Aopen HX45 Case Review
Cases are among the most under appreciated bit of hardware which go into
completing today's computer systems. While it is true that the electrical side
of things is paramount to the quick and reliable operation of a computer,
the case does have it place. What then does a good or bad case contribute?
In one sentence; cooling, protection, sound dampening,
and upgradability. A good case will out live the components it is meant to
house. After all, that $400 video card will be old-hat in another six
months - sorry to burst that bubble.
Anyhow, knowing which case is good, and which one isn't is
something that comes from being exposed to more then one type. As we move
on to exploring the nifty features of this particular case, you'll see what we mean...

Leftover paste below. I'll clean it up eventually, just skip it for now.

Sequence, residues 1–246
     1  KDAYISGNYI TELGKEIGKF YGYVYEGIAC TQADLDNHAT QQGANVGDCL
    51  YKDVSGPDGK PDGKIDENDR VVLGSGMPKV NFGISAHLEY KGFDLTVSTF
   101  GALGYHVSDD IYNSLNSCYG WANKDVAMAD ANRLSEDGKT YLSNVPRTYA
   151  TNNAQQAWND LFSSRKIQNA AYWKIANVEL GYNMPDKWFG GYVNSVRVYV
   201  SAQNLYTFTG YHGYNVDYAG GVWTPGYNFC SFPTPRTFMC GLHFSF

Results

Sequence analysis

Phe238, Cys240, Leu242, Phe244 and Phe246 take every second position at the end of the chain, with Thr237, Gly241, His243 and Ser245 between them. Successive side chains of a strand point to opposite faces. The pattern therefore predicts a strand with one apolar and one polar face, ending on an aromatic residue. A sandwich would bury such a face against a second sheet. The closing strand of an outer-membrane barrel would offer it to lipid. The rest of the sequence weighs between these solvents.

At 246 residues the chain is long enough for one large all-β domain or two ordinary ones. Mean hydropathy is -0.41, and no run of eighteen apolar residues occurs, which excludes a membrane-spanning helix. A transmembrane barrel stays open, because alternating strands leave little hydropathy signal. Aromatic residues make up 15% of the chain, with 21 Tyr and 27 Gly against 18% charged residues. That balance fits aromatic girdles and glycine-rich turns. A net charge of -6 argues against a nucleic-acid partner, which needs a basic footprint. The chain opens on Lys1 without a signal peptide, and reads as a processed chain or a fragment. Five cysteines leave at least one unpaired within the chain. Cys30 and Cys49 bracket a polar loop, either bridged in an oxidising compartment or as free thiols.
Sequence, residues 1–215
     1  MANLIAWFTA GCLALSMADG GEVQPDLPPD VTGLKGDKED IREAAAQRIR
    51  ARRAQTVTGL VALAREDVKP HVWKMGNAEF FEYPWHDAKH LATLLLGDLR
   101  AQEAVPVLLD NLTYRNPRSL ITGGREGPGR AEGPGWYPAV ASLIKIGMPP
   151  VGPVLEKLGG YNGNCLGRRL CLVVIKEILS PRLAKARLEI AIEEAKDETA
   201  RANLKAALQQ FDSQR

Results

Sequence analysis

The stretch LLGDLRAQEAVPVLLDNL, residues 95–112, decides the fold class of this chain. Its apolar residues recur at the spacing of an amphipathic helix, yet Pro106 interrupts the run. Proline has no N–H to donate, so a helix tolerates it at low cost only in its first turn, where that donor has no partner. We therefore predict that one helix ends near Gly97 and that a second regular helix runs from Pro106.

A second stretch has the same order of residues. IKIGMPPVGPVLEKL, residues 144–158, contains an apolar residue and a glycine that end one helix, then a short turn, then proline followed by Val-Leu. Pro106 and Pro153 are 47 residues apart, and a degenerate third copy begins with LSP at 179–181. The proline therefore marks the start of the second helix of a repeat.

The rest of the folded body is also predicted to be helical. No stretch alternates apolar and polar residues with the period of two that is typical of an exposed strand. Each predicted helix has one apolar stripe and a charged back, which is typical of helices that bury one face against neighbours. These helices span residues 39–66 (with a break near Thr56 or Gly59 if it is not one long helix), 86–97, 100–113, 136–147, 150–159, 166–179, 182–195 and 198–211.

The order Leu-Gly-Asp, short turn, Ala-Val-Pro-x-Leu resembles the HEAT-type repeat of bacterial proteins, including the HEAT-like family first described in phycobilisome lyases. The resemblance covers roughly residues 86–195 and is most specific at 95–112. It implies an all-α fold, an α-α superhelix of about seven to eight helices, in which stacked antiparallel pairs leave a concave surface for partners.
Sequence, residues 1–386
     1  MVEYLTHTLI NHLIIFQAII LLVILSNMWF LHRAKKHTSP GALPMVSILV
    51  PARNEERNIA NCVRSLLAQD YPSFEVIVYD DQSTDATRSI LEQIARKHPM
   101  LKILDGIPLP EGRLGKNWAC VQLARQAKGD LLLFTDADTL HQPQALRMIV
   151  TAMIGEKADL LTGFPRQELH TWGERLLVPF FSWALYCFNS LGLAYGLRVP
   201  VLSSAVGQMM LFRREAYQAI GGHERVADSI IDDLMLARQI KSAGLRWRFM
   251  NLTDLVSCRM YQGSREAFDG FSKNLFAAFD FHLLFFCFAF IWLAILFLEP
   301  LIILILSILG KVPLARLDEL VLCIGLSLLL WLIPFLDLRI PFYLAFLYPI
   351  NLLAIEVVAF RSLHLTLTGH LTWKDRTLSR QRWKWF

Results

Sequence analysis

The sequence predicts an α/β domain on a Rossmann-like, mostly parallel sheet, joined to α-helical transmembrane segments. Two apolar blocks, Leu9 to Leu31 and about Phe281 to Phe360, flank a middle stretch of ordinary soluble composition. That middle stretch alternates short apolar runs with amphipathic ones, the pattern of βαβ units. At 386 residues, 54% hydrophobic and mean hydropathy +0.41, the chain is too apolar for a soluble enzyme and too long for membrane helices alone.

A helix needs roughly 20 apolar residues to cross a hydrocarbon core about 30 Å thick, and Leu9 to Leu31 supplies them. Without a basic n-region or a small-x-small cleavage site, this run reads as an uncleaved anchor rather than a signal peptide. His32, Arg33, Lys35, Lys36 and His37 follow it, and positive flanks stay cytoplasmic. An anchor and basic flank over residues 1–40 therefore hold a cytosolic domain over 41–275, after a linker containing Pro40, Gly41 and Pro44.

Aopen has faired well in the making of its cases, and
the HX45 at first appears to be a promising addition to the line which includes
- (3) 5.25" drives
- (3) 3.5" drives
- (1) 80mm fan
- allows (2) FDD
- 250Watt PSU
- power/reset switches
- ATX 2.01
- (7) slot positions
- Integrated carry
Cooling in the HX45 is a standard affair. Assuming an 80mm intake fan has been
installed, cool air can be sucked in at the front of the case. Unfortunately there are
no filters of any kind, so dust will be fed towards the slot cards with
the best efficiency possible. Which won't be much because the fan pulls its
air through a pittance of punched metal and through a slot at the very bottom
of the bezel. The front bezel has no venting of any kind. Therefore cooling is only mediocre.
Once inside the air is expelled by the PSU at the very top of the case. Hot air rises and so the
PSU expels it, as opposed to letting it pool at the very top and raise overall case
temperature. This design seems to work fairly well in the HX45.
A small range of perforated metal venting above all the
slot cards adds an extra means for convection to occur as does a wide row of
perforation on the bottom edge of the case cover.